Linda Sarsour Sees ‘Pattern’ in Attempts to ‘Marginalize’ Ilhan Omar and Other Pro-Palestinian Advocates

By Patrick Goodenough | February 13, 2019 | 4:25 AM EST

Women’s March organizer and Palestinian-American activist Linda Sarsour. (Screen capture: YouTube)

(CNSNews.com) – Women’s March co-leader Linda Sarsour suggested on Twitter Tuesday that the controversy over remarks by Rep. Ilhan Omar (D-Minn.) was part of a “pattern” in which the right-wing tries to marginalize “prominent voices who dare speak up for Palestinians.”

Omar attracted widespread criticism for tweets insinuating that members of Congress are paid off by Jewish money to support Israel. President Trump said Tuesday she should resign.

In her tweet, Sarsour listed Omar along with five other high-profile figures who have drawn condemnation over recent months for views critical of Israel, including views seen by some as anti-Semitic.

“Marc Lamont Hill, Tamika Mallory, Angela Davis, Michelle Alexander, Rashida Tlaib, Ilhan Omar – it’s a pattern,” she said. “End goal of the right is to marginalize prominent voices who dare speak up for Palestinians. They work to make us radioactive. Untouchable. We need to resist this.”

Sarsour, a Palestinian-American, implicitly added her own name to that list. Her associations with Nation of Islam leader Louis Farrakhan, along with those of fellow Women’s March co-leaders Mallory and Carmen Perez, have deeply divided the activist movement over the past year.

Hill, a Temple University professor, was fired as a CNN contributor last November after he endorsed, at a U.N. event, “a free Palestine, from the river to the sea” – a slogan amounting to a call for an end to Israel. He also voiced support for Palestinian “resistance,” which in the context of the Mideast conflict is a term often associated with violence.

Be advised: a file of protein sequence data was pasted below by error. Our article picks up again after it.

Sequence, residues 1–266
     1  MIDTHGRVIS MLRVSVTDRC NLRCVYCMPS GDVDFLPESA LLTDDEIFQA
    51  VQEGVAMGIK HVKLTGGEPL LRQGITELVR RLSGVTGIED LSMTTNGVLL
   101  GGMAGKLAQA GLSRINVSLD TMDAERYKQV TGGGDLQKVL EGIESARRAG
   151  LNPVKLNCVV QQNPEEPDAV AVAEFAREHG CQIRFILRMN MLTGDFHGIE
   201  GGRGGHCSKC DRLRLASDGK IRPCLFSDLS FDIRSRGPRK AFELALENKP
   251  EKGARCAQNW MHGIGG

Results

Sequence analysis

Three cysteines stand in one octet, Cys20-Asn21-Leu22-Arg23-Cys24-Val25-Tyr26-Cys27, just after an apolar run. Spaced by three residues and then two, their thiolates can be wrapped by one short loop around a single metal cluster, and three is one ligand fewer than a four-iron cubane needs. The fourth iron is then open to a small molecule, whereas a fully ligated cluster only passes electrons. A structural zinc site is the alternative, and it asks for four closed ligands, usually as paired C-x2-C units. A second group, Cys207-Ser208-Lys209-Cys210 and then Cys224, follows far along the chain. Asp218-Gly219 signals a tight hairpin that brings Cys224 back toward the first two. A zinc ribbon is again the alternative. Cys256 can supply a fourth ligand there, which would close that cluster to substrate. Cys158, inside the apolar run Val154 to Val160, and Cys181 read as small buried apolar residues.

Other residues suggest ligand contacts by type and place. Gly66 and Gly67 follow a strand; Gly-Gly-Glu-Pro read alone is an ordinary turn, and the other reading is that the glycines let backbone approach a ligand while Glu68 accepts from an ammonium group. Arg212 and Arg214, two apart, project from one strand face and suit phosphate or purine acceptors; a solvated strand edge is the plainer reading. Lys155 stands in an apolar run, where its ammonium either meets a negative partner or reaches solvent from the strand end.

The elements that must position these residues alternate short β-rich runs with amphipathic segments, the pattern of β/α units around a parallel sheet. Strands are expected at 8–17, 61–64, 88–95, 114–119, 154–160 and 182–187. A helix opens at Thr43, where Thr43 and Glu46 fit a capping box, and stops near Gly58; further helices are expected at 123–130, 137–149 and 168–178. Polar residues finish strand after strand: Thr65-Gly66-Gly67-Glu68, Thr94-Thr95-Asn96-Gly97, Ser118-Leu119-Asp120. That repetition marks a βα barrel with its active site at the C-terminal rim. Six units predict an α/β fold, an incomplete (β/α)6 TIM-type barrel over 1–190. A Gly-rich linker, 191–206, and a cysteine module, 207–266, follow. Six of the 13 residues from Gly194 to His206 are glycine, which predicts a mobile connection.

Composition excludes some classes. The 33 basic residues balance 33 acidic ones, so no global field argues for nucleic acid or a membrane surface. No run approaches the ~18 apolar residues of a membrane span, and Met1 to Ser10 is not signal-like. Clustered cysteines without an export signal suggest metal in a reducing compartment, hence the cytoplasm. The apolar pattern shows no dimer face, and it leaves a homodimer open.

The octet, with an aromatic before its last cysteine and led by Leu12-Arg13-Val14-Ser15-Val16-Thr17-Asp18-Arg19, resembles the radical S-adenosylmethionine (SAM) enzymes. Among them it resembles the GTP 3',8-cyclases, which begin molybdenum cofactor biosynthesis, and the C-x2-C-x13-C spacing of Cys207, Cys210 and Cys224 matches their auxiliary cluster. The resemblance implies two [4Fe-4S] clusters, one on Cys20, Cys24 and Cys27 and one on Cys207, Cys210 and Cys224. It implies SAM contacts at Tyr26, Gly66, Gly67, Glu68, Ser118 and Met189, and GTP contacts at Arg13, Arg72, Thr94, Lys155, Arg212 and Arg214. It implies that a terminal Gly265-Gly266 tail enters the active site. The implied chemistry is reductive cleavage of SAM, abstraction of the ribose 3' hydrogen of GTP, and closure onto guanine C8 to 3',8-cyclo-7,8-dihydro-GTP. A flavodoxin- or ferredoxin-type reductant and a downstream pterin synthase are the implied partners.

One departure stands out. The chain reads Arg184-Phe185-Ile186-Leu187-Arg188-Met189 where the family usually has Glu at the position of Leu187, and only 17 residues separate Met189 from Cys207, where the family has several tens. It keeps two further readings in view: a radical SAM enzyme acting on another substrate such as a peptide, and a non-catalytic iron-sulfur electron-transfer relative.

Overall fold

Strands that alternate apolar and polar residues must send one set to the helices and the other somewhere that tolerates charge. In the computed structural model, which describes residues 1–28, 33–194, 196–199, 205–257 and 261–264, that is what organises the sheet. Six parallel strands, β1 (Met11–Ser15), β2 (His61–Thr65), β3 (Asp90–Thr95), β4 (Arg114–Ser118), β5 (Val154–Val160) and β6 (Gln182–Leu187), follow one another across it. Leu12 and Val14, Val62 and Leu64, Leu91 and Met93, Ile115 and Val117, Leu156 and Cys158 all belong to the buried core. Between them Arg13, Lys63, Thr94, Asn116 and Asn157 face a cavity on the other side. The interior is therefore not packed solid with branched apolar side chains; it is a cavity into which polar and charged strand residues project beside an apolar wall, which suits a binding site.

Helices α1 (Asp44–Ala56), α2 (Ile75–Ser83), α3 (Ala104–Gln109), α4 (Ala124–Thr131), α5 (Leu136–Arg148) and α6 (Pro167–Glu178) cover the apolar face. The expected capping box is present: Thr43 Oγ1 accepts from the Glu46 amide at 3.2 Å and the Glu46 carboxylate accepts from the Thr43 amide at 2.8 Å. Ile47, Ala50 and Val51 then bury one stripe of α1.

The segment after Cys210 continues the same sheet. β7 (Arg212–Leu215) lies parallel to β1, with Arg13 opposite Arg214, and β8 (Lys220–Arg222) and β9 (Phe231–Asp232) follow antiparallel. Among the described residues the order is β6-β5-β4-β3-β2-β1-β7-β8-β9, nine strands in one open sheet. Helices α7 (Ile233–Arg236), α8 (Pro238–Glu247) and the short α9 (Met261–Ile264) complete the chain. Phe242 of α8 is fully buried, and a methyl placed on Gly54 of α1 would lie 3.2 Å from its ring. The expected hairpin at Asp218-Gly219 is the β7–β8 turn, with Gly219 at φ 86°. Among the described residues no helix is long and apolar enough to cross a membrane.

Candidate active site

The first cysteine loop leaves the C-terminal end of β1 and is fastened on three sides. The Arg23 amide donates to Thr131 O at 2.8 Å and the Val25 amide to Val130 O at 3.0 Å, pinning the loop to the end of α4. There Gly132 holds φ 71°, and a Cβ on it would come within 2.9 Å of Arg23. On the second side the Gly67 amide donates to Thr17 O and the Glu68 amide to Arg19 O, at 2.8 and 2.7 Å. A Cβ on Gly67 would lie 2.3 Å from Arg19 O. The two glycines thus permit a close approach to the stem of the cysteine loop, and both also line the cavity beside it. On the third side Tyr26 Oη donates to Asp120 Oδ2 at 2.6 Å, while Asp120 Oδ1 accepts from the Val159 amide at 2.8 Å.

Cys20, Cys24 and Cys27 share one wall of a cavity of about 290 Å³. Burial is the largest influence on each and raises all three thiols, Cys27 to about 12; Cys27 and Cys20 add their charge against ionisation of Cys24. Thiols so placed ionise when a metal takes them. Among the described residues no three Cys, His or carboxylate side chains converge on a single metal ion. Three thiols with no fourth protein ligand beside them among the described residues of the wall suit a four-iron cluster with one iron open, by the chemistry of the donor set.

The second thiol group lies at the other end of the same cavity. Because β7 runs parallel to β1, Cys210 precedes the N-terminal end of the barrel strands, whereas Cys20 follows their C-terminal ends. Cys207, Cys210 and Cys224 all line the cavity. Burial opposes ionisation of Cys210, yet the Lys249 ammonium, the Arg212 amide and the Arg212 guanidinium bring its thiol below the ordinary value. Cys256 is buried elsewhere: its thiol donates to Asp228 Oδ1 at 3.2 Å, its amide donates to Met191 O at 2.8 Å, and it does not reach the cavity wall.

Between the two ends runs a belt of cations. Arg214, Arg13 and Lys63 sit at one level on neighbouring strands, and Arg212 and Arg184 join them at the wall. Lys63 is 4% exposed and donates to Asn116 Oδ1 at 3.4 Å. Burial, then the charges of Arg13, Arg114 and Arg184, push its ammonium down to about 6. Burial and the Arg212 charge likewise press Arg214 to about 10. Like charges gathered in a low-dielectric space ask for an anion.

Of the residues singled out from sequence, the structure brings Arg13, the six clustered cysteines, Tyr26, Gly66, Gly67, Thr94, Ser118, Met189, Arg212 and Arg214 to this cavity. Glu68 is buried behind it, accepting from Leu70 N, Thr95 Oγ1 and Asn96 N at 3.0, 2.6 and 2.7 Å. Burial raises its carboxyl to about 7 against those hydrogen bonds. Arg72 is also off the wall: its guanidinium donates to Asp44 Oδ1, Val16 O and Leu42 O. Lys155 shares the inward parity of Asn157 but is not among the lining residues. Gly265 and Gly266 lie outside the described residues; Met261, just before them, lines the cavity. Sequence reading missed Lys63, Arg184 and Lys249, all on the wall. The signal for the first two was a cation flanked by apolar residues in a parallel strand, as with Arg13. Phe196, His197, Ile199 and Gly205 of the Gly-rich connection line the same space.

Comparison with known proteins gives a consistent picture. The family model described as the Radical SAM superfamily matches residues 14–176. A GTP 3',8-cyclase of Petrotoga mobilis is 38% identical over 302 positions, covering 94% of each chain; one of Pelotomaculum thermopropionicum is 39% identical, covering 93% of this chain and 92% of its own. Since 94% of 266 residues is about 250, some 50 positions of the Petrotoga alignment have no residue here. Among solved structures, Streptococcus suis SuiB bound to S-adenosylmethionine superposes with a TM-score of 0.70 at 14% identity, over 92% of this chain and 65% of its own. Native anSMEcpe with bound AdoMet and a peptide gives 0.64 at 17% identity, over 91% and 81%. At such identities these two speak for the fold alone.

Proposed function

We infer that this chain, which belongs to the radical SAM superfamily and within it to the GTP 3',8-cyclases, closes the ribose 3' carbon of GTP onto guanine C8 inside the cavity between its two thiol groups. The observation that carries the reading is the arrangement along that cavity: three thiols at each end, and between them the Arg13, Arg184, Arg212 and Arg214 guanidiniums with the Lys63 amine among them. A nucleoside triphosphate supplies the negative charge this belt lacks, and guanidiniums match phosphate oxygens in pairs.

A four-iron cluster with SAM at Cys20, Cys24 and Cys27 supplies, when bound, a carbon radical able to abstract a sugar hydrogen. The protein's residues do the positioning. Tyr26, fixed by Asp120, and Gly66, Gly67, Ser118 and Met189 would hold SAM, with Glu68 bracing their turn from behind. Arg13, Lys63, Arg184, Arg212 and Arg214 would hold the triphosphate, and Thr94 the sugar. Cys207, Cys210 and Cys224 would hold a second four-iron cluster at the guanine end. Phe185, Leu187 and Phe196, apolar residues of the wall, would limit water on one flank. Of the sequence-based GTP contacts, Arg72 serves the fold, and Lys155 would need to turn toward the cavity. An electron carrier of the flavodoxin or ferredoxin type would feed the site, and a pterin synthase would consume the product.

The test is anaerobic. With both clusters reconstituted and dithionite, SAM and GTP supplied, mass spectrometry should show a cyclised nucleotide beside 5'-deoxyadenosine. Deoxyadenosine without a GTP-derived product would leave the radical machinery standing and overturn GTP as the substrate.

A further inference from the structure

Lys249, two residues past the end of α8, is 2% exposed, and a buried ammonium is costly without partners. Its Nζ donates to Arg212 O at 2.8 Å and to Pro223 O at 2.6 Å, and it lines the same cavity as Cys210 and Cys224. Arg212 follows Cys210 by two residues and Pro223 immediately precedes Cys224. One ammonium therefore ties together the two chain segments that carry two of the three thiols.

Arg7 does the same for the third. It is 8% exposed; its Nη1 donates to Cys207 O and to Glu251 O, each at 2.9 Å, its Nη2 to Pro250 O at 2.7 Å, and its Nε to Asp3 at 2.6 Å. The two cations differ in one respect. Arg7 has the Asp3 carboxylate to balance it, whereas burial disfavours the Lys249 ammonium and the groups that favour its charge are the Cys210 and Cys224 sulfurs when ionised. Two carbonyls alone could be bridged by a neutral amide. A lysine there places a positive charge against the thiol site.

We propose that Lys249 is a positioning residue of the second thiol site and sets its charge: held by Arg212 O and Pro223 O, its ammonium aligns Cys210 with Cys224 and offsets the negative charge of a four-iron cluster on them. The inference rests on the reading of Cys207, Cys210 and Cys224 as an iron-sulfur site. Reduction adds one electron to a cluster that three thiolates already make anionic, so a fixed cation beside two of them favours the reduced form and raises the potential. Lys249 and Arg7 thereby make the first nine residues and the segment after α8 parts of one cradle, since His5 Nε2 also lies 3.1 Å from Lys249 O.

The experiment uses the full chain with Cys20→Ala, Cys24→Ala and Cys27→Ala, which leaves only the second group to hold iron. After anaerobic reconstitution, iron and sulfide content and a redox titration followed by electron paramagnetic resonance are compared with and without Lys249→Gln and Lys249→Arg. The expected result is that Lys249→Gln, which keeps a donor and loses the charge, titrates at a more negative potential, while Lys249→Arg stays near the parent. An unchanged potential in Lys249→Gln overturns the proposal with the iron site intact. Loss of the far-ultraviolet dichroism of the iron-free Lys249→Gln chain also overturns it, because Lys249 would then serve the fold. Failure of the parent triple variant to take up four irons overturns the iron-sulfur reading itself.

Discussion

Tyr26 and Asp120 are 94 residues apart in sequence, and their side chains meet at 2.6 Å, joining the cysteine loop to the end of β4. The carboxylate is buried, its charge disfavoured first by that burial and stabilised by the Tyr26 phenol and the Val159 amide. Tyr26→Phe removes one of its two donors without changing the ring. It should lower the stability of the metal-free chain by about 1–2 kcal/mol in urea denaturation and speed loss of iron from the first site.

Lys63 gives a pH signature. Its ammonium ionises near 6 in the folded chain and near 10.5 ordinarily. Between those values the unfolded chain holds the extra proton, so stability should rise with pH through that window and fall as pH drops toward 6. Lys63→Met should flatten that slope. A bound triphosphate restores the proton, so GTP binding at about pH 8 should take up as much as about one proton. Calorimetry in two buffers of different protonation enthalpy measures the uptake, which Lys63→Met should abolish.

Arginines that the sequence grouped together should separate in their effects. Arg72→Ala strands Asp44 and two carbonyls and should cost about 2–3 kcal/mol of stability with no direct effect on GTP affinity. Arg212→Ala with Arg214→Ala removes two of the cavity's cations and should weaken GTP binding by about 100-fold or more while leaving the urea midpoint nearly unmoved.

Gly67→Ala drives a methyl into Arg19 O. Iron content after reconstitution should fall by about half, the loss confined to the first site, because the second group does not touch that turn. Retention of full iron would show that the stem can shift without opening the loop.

Activist Angela Davis and lawyer and author Michelle Alexander both came under fire in recent months for their pro-Palestinian activism and views, including support for the anti-Israel “boycott, divestment and sanctions” (BDS) movement.

Rep. Rashida Tlaib (D-Mich.), like Omar, publicly supports the BDS movement. Both of the first two Muslim women elected to the U.S. Congress have records of strong criticism of Israel.

Mallory on Tuesday tweeted her support for Omar and, like Sarsour, suggested the group of Palestine advocates were under attack : “I will stand with Ilhan, they will not break us. No matter what they try to do we will stand bolder, stronger and more determined.”

Much of the controversy swirling around the Women’s March leadership had to do with its national leaders’ defense of or links to Farrakhan, widely labeled an anti-Semite.

Mallory in a social media post called Farrakhan “the GOAT,” an acronym for the “greatest of all time,” while Sarsour and Perez have attended Farrakhan events and defended him.

The row deepened after Farrakhan, in a speech in Chicago a year ago acknowledged Mallory in the audience. In that same speech, marking the Nation of Islam’s annual “Saviours’ Day,” Farrakhan declared that “the powerful Jews are my enemy.”

As recently as last month, Mallory in an appearance on ABC’s “The View,” declined to condemn outright Farrakhan’s criticism of Jews.

This weekend, the Nation of Islam is gearing up for this year’s “Saviours’ Day” convention, with a program that will include a session on “Defending Farrakhan”on Friday and a keynote speech by him on Sunday.

The Nation of Islam held a “Defending Farrakhan” forum in San Francisco late last month, where participants, the organization reported, “expressed their support for the Minister and condemned Jewish groups and leaders trying to paint him as a hater and anti-Semite.”

Speakers including former Black Panther Elaine Brown accused elected black leaders of bowing to Jewish interests and denouncing Farrakhan, while being silent on what Brown called “the crimes of the Zionist state of Israel.”

“Now, we look at Minister Farrakhan and on the question of the Jew, I don’t know any Jews that Minister Farrakhan has killed,” she said. “I don’t know about no agenda for mass extinction of the Jews, when there’s a mass extinction of Palestinians in Palestine. I don’t know of any of this, all I know is Louis Farrakhan has been consistently, I would say, for more than a half a century, standing up for black people.”

“Any attack on Louis Farrakhan is an attack on our people,” Brown said.

Patrick Goodenough
Patrick Goodenough
Spencer Journalism Fellow

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